In reference to the 1 star review. It is advisable to ignore this review by the reviewer called "youraveragemahayanist". The Lankavatara is to be experience in the very core of consciousness not words to be simply reviewed by someone who may enjoy the externalistic view of scholastic philosophies. The reviewers belief that these concepts are arcane are simply his/her inability to experience something beyond discriminating concepts like modern. It is to be asked, is there really an individual concept known as modern separate from the truth of nothing separate? Where is this past, future, and or present to be found "youraveragemahayanist"? Is there really a finger pointing to the moon? Look deeper and enjoy!

As you read D. T. Susuki translation it is easy to understand that Susuki was a layman/monk who was not separate from the experience of the Lankavatare itself. The Lankavatara should become one of the top priority readings for those sincere bodhisattvas practicing in these illusory times where ignorance is swift to point us away from fulfilling our path's vows. Remember the path is neither easy nor difficult. Read the word and let go of them for the experience they point too.

1-0 out of 5 stars pass....
Recommend that you give this one a "pass". The L.S. is of historical interest because legend has it that Bodhidharma passed his copy to his disciple Hui-k'e as a "seal" of his dharma succession. Supposedly, Bodhidharma remarked that the L.S. was the most suitable supplementary text to his teachings, based on his evaluation of which concepts the Chinese Buddhists of his time did and did not understand.

But I digress. Like "Merry Christmas", the arcane concepts of the L.S. have since been explained "many times, many ways" by scholars and practicers more modern and more cogent than D.T. Suzuki. Suzuki's translation was done nearly 100 years ago, and it is with good reason that modern translators have not bothered themslves with the L.S., other than referring to it in passing.

1-0 out of 5 stars Pass.....
Recommend that you give this one a "pass". The L.S. is of historical interest because legend has it that Bodhidharma passed his copy to his disciple Hui-k'e as a "seal" of his dharma succession. Supposedly, Bodhidharma remarked that the L.S. was the most suitable supplementary text to his teachings, based on his evaluation of which concepts the Chinese Buddhists of his time did and did not understand.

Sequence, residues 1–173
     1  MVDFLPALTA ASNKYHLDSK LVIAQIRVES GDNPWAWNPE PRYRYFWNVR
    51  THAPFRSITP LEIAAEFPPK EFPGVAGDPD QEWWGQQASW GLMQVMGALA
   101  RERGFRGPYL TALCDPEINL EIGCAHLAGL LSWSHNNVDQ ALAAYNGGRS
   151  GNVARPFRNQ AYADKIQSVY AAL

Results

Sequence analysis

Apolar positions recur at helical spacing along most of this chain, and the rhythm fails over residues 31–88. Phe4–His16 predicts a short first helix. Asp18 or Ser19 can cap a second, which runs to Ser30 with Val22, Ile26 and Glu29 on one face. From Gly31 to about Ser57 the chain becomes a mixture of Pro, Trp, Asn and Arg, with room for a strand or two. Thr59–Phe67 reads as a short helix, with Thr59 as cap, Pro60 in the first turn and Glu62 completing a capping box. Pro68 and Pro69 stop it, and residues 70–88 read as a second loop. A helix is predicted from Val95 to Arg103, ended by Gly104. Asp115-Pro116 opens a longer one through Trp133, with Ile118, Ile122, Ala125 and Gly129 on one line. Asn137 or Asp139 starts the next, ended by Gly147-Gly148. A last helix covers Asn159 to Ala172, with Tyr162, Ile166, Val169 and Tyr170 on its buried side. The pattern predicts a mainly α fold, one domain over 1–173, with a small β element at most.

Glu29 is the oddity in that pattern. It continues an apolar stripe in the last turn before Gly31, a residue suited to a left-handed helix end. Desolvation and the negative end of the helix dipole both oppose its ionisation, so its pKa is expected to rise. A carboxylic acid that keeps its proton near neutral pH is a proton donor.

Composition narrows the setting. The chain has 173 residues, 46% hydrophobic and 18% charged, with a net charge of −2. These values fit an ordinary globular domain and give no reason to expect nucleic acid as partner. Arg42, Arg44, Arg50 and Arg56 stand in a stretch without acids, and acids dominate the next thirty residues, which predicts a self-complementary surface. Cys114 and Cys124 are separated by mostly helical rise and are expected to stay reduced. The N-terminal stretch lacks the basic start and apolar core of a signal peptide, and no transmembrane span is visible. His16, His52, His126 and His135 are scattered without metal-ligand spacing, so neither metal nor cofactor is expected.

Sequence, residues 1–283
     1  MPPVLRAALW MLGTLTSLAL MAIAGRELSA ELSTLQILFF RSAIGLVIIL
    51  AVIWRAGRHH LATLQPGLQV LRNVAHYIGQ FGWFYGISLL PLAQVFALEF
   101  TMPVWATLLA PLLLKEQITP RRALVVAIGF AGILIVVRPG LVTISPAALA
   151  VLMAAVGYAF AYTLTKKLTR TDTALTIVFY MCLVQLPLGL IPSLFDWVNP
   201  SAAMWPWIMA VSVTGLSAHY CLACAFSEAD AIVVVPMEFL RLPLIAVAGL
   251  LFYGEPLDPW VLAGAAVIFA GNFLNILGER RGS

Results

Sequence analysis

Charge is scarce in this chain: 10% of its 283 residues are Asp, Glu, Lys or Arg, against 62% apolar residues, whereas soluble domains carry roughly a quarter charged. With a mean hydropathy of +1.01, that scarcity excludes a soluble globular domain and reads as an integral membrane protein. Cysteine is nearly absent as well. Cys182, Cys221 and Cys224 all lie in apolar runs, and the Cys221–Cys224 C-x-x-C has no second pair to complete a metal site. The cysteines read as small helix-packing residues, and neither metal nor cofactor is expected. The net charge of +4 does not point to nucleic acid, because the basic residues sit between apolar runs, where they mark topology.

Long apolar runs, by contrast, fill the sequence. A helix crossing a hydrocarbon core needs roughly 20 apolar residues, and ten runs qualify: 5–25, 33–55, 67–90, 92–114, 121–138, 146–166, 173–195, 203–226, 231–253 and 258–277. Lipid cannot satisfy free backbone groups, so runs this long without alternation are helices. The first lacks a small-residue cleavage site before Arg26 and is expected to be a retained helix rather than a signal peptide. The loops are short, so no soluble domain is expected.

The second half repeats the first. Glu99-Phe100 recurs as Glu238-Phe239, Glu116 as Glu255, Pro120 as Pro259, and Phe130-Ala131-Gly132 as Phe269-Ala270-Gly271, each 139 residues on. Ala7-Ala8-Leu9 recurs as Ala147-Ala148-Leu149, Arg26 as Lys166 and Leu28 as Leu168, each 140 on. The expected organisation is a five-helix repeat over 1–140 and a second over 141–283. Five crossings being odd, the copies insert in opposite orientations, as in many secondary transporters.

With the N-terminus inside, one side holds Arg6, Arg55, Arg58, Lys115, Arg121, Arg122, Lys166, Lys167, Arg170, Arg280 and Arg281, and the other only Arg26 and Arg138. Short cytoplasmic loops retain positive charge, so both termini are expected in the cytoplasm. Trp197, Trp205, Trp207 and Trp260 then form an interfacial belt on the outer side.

But I digress. Like "Merry Christmas", the arcane concepts of the L.S. have since been explained "many times, many ways" by scholars and practicers more modern and more cogent than D.T. Suzuki. ... Read more

16. The Ultimate Dimension: An Advanced Dharma Retreat on the Avatamsaka and Lotus Sutras
by Thich Nhat Hanh
list price: $69.95
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Asin: 1591791952
Catlog: Book (2004-11-01)
Publisher: Sounds True
Sales Rank: 91005
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Book Description

Zen master Thich Nhat Hanh, presents an advanced new audio learning retreat with this complete series of Dharma talks on two of Buddhism’s most beloved texts, the Lotus Sutra and the Avatamsaka Sutra. Here, he discusses: "interbeing" and the transcendence of self, the practice of non-practice, overcoming the fear of death, mindfulness as the key to nirvana, and more. ... Read more

17. The Platform Sutra of the Sixth Patriarch
by Philip B. Yampolsky, Hui-Neng Liu-Tsu-Ta-Shih Fa Pao Tan Ching
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Asin: 0231083610
Catlog: Book (1978-10-15)
Publisher: Columbia University Press
Sales Rank: 84095
Average Customer Review: 5 out of 5 stars
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Book Description

The Platform Sutra records the teachings of Hui-neng, the Sixth Patriarch, who is revered as one of the two great figures in the founding of Ch'an (Zen) Buddhism. This translation is the definitive English version of the eighth-century Ch'an classic. Phillip B. Yampolsky has based his translation on the Tun-huang manuscript, the earliest extant version of the work. A critical edition of the Chinese text is given at the end of the volume. Dr. Yampolsky also furnishes a lengthy and detailed historical introduction which contains much information hitherto unavailable even to scholars, and provides the context essential to an understanding of Hui-neng's work. He gives an account of the history and legends of Ch'an Buddhism, with particular attention to the traditions associated with Hui-neng, quoting or summarizing the most important narratives. He then discusses the various texts of the Platform Sutra, and analyzes its contents. ... Read more

Reviews (1)

5-0 out of 5 stars Ever so mellow
This volume is a great entry to the Chinese take on Buddhism. It consists of a hefty introduction/historical background section as well as the text in translation and the original. The translation of the text is one of the smoothest I've read of Chinese, which must be a confluence of the material and the translator. The Platform Sutra itself consists of more than metaphysical exposition, going into the biography of Hui-neng and the context of his teaching (both of which are at least as interesting as the religious part of the text). If you want to broaden your understanding of the quest for understanding, this book would be a great addition to your library. ... Read more

18. The Flower Ornament Scripture : A Translation of the Avatamsaka Sutra
list price: $100.00
our price: $63.00
(price subject to change: see help)
Asin: 0877739404
Catlog: Book (1993-10-12)
Publisher: Shambhala
Sales Rank: 92699
Average Customer Review: 4.8 out of 5 stars
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Reviews (10)